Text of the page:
Communities to co-manage protected marine areas |04 December 2020
Bringing local democracy to environmental management
The Minister for Agriculture, Climate Change and Environment, Flavien Joubert, yesterday presided over the community launch and the signing of a memorandum of understanding (MoU) for the first co-managed marine area in Seychelles.
The ‘Locally Empowered Area Protection’ (LEAP) project is part of a regional project being implemented by Nature Seychelles, which seeks to set up the first co-managed marine area in Seychelles, notably in the Port Launay and Baie Ternay national parks.
The aim is to get the involvement of the local communities in the management of protected marine areas while they get to make sustainable effective usage of their natural resources for economic benefits.
Their involvement in co-managing the protected marine areas will be alongside Nature Seychelles – the project implementer; and the Seychelles National Parks Authority (SNPA) – the designated authority for the marine national parks and government.
The launch of LEAP by Minister Joubert was held in a small ceremony at Port Launay. This was concretised after by the signing of a MoU between Selby Remie, the chief executive of SNPA and Dr Nirmal Shah, the chief executive of Nature Seychelles.
Present were the principal secretary for Environment, Alain de Comarmond; the principal secretary for Blue Economy, Kenneth Racombo; the Port Glaud district administrator, Leonne Florentine; the general manager of Constance Ephelia, Stephen Duchene; some children and teachers from the Port Glaud primary school eco-club; local committees participating in the project and other partners, among other guests.
Co-management is an innovative approach supported by national plans and policies, such as the ‘Protected Areas Policy’ that was set out in the draft National Parks and Reserves Bill in 2013. The LEAP project was the initiative of Nature Seychelles to reactivate the policy that had been more or less dormant since then.
“I am gratified therefore that the locally empowered area protection (LEAP) project being implemented by Nature Seychelles has chosen these two protected areas which actually need support, outreach and local ownership.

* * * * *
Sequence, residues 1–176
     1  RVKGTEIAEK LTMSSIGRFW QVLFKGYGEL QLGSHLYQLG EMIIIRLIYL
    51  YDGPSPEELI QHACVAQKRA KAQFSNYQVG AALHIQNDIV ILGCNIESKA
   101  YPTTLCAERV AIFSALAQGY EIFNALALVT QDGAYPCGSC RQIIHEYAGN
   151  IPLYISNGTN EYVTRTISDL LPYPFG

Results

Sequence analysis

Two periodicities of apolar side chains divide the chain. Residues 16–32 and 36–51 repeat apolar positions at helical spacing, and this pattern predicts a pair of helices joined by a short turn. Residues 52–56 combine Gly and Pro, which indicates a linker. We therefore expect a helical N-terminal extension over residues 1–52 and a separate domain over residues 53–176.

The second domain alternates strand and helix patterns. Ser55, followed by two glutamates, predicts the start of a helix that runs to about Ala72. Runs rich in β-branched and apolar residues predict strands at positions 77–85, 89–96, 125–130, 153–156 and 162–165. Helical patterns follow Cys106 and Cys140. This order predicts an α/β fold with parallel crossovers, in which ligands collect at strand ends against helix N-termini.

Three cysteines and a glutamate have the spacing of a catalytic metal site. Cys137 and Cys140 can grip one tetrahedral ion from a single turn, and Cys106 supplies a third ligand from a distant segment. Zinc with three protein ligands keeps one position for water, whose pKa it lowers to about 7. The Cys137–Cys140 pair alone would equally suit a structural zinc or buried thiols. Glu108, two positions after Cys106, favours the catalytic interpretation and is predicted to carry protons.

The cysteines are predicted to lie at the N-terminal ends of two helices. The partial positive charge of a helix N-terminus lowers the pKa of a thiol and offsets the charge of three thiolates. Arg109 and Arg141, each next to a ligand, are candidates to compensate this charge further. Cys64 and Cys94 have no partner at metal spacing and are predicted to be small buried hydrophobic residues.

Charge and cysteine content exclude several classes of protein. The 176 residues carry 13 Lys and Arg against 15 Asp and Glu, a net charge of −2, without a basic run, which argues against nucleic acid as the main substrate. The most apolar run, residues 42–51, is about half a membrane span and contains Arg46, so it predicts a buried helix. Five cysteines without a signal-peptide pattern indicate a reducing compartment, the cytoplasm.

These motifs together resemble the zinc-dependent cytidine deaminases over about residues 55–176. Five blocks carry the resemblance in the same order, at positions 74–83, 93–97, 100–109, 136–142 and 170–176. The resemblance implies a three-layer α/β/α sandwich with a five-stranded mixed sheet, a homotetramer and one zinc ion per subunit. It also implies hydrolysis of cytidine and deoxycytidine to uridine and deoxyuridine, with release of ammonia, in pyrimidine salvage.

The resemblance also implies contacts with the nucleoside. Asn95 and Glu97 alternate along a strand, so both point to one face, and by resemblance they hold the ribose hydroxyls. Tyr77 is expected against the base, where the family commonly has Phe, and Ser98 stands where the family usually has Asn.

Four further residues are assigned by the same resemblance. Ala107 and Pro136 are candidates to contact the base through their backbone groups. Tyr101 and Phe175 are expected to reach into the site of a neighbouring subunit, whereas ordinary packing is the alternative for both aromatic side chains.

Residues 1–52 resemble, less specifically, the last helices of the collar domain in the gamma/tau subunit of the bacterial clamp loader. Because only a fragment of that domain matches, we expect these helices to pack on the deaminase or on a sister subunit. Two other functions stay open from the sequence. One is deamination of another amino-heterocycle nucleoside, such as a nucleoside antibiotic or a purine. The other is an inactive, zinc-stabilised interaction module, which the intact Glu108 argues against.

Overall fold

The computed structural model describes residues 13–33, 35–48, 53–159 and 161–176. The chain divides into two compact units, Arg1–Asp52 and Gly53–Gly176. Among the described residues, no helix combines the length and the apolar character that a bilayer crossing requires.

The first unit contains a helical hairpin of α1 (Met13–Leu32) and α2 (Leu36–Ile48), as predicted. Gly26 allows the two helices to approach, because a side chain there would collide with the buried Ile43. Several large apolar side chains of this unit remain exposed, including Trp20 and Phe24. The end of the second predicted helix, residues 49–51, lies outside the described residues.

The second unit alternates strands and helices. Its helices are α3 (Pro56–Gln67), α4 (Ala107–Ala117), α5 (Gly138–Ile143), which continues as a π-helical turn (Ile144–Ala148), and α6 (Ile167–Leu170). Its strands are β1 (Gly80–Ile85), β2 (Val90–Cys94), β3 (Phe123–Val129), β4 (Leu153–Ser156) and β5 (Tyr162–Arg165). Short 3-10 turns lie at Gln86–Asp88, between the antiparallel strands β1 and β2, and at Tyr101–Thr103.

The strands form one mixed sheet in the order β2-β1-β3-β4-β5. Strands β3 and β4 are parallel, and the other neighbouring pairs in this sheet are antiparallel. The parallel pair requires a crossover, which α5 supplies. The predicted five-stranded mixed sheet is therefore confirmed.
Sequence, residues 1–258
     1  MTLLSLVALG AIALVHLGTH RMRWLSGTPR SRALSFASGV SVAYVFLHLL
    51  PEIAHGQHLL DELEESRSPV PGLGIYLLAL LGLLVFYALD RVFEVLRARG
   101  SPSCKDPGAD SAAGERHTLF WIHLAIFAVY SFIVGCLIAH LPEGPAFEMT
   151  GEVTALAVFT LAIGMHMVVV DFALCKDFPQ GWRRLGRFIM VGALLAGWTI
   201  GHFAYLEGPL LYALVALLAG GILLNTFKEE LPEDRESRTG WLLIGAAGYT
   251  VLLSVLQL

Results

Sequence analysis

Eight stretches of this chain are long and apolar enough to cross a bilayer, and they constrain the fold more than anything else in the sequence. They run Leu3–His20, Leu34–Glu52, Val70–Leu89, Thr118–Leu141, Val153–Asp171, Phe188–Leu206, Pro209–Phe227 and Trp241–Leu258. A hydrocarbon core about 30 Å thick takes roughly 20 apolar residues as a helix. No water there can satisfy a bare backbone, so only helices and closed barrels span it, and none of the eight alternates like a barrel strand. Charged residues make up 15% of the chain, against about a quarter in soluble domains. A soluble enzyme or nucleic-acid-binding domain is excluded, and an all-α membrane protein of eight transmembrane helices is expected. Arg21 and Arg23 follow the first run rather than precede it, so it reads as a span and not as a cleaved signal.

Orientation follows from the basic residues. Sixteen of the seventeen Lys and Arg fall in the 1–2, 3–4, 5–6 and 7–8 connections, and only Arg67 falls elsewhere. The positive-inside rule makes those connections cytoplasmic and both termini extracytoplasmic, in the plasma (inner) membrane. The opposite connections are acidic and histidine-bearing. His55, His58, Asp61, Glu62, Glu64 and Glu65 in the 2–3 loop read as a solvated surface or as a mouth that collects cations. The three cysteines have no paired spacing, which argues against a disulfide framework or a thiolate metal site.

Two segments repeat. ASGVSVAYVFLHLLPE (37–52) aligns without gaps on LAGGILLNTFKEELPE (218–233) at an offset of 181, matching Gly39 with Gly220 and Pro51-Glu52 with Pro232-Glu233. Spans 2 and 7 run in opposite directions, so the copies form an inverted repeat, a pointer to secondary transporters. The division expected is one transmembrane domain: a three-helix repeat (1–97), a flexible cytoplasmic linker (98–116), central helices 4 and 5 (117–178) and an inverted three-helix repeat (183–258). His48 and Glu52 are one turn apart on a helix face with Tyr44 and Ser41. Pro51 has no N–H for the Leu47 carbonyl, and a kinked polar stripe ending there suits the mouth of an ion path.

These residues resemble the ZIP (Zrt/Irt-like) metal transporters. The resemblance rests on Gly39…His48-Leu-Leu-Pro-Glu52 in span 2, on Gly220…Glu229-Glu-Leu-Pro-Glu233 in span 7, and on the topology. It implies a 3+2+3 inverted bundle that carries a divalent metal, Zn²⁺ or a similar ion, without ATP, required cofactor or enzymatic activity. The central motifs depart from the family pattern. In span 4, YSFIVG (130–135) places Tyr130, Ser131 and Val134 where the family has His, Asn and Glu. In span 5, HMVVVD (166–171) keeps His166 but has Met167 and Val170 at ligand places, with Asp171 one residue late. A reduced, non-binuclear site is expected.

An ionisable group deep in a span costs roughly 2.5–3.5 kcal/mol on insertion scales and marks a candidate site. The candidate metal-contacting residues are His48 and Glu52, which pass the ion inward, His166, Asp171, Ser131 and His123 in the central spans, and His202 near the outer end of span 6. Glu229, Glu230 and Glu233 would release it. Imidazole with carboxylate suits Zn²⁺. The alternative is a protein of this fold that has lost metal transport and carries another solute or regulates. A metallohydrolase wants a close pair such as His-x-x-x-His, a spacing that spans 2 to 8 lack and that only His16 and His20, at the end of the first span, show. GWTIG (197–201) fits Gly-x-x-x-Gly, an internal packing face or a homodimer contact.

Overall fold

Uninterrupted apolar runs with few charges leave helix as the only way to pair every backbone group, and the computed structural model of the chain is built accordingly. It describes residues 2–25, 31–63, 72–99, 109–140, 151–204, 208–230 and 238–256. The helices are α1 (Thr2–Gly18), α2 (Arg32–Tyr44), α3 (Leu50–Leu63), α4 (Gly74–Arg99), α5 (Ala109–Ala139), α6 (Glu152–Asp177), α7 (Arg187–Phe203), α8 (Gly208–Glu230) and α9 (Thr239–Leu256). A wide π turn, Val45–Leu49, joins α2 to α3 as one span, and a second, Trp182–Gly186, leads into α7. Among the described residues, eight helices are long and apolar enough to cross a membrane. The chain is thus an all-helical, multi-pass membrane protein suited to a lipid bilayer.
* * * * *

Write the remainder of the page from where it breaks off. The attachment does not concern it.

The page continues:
“The MoU between Nature Seychelles and SNPA is a great step to establishing formal relations in terms of project management. I hope we will soon move to a joint management committee between the community, which includes the district administration and local leaders, and the SNPA, which will mean that co-management truly starts to become a reality,” Minister Joubert said, noting that he will continue to support the process throughout and to leave the door open to engage the public in and on environmental issues.
He noted that the idea of public engagement and ownership is not just part of his personal belief but it is enshrined in our Constitution and in our protected areas policy.
He called for diligent work despite the challenges the project may present, such that at the end, tangible results will come out for the benefit of the environment which will also translate into a change in relationship between conservation and human existence.
Dr Shah said the project, which had taken one year to be implemented since it was launched by Nature Seychelles, is unique in a sense as it combines local community, government and NGOs.
“I want everybody to be part of this project as it is all about partnership and democracy. We want to bring local democracy to environmental management. We want to get the views and opinions from the Port Glaud community, on how to manage and value the two marine parks,” Mr Shah said.
He claimed that following a small assessment in the community, it has been found that they want to create businesses for economic purposes with regard to the two parks just like what the Praslin community is benefiting from in the protected reserves of Cousin, Arid and Curieuse.
Dr Shah said that LEAP is being funded by Nature Seychelles through part of a grant (€680,000) obtained from the German International Climate Initiative (IKI) through the International Union for Conservation of Nature (IUCN), based in Gland, Switzerland, for enhancing coastal and marine socio-ecological resilience and biodiversity conservation in the Western Indian Ocean region.
He further said that part of the grant caters for training of local persons to set up businesses with regard to the two national marine parks, including setting up a small educational centre, sign boards, a full-time conservation officer and two full-time rangers on site and to bring in international expertise.
He launched an appeal to those wishing to do or create economic activities with regard to the two marine parks to apply for training with Nature Seychelles.
Dr Shah explained that the two national marine parks have been chosen for the project because they are spectacular sites.
He said that as they are valued economically but without the community benefiting from them, Nature Seychelles wants to expose their economic benefits to the Port Glaud community.
“If we show the community the economic benefits they can reap from the two marine parks, they will be motivated to protect them as they will be their source of livelihood,” Dr Shah said.
Mr Remie on his part said that the project will help SNPA with added manpower and assistance to protect and manage the two marine parks.
Cedrick Thomas, a member of the LEAP committee and resident of Port Glaud, said that the project will have a positive impact in the community in terms of added economic activities that will encourage people with social problems or without a job to venture into something that will bring them some monetary benefits.
The launch of LEAP and the signing of the MoU ended with a presentation of tokens of appreciation and a tour of the Constance Ephelia Hotel’s mangroves.